Filed under: in the kitchen
One of the loveliest things about being with family is spending time around a table together. On Thanksgiving Eve, I sat at the dining room table with my grandmother and my aunt, shelling pecans that my grandmother had been gathering from the trees in the front yard. She’s been picking them up for a few weeks now and she’s got buckets of ‘em. Despite pecans being $10 a pound or something similarly ridiculous, you literally cannot give them away if they are still in the shell. The way my grandmother tells it, she’s been calling up neighbors and extended family members offering up the goods. Upon hearing they’re not yet shelled, everyone says, “Thanks, but no thanks.” Apparently, no one wants pecans badly enough to go through the hassle of shelling them themselves. But I had a vested interest in shelling some pecans – I was going to give them as a gift to one of my coworkers, who was generously watching over my cat while I was away.
I wasn’t very fast at it. But I was good at getting the halves out whole. And I had the pleasure of the company of my grandmother and aunt, who sat with me, lent their hands, and made the process seem homey and comforting. It reminded me of summers past, when my grandmother, my great aunts, and various neighbors would gather in the breezeway with a cold Pepsi and methodically work their way through bushels of peas, beans, or whatever was coming off the vine that week. There’s something to be said for community.
I decided to take my gift one step further by toasting the pecans with various seasonings. But after perusing my options online, I couldn’t make up my mind which single recipe to use. So I used two – one called for tossing the pecans with spices and roasting them in the microwave, the second called for meringue and baking. My grandmother, not to be outdone by online recipes, decided to add a third recipe – deep fried pecans – to the delight of my aunts and uncles who had not had her fried pecans in years.
Sugared, Roasted Pecans
1 lb. pecan halves
1/2 c. butter
2 egg whites
1 c. sugar
1 tsp. cinnamon
Preheat oven to 325 degrees. Place stick of butter in/on cookie sheet, then place in oven until butter melts. While butter is melting, beat egg whites until stiff. Beat sugar and cinnamon into egg whites. Stir in pecans until coated. Spread coated pecans throughout the pools of melted butter on the cookie sheet, and bake for 30 minutes, stirring until all butter and sugar mixture is gone. Watch carefully so they will not burn.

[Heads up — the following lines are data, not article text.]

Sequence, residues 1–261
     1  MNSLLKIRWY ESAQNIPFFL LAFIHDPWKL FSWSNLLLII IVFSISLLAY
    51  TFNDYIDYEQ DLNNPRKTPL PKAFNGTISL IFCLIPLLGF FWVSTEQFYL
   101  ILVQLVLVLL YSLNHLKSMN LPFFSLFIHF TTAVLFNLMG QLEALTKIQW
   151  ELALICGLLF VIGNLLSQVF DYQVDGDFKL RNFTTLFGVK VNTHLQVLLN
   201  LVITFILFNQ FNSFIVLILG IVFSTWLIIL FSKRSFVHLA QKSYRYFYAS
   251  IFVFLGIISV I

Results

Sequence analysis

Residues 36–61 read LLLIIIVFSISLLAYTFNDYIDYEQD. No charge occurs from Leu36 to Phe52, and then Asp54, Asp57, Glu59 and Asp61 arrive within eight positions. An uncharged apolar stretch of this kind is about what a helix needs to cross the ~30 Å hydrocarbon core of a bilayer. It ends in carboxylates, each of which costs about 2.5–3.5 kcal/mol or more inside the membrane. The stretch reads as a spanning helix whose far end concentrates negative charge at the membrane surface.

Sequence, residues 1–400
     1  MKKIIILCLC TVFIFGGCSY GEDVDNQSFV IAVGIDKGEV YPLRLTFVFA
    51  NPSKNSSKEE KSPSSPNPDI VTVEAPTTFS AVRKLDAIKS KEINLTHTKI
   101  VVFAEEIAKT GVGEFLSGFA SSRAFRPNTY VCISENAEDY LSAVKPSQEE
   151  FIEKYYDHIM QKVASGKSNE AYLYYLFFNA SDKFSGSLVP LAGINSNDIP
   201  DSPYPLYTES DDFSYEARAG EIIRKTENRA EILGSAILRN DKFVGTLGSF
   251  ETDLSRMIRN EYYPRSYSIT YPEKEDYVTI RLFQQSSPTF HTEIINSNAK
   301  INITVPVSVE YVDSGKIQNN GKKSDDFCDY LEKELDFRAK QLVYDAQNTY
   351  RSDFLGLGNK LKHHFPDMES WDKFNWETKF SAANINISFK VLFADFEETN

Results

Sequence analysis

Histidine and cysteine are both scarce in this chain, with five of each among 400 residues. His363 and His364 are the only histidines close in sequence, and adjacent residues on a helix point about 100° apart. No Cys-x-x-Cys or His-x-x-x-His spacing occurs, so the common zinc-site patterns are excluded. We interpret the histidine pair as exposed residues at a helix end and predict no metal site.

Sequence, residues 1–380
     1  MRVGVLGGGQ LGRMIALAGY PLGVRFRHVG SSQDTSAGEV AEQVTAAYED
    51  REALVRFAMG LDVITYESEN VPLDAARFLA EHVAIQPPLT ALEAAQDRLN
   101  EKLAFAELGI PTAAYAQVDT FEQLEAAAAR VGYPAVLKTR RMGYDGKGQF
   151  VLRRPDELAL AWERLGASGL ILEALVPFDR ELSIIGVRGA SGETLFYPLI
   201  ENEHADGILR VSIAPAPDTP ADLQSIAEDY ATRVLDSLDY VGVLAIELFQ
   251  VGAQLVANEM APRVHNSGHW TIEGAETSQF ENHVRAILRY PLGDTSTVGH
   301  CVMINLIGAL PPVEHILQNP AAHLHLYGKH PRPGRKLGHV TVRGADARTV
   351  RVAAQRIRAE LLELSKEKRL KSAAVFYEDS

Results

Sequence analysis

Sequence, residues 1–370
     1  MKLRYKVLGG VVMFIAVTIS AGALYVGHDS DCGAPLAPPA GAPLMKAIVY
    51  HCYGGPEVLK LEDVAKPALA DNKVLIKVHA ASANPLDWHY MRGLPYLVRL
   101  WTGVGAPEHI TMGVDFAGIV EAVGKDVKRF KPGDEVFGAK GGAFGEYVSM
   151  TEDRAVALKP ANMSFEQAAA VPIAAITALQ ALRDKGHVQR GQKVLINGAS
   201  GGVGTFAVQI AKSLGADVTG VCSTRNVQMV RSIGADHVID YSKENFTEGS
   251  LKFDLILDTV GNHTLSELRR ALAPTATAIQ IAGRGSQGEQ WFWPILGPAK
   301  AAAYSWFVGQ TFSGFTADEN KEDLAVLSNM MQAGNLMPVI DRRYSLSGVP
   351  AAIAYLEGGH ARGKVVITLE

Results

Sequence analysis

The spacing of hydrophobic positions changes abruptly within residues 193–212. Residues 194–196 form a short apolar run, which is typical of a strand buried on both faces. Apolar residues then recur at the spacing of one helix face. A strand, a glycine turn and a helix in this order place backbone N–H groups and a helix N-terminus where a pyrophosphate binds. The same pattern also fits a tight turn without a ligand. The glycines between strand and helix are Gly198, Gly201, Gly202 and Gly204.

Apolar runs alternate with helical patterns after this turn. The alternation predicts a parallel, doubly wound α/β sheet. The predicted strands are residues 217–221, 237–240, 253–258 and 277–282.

The sugared, roasted pecans turned out by far the tastiest. We pretty much could not stop eating them. But they were also the most work, and took the longest to cook.
Deep Fried Pecans
No real recipe here, just general instructions. Pour an inch of canola or vegetable oil in a skillet and heat over high flame. Once the oil is hot, add a single layer of pecans. Fry for one to two minutes, stiring/tossing the pecans regularly, and watching carefully so they don’t burn. They will darken to a deep golden color. Lift them out with a slotted spoon, drain well on paper towels, and salt generously.
The fried pecans had a deliciously complex, smokey flavor and a brittle, flaky texture. I immediately understood the family loyalty to my grandmother’s recipe. Do try this at home.
The last recipe, while third in the taste testing, was by no means shabby (it’s just that the first two were so sublime). Microwave roasted pecans are convenient to make and they taste good. My other grandmother used microwave roasting on pecans prior to dipping them in semi-sweet chocolate to make candy – it created a flavor worth fighting over the last piece for. It’s also a quick method – good for elevating your pecans to party level in a limited amount of time.
Spiced, Roasted Pecans
2 tbsp. melted butter
1/4 c. brown sugar
1/4 tsp. nutmeg
1/4 tsp. salt
1/2 tsp. cinnamon
1/2-1 tbsp. water
Mix ingredients well. Add 2 cups raw pecan halves and toss until coated. Spread on microwave safe glass plate. Microwave on high 2 minutes, stir; 1 minute, stir; 2 minutes, stir. Lay out on wax paper to cool.
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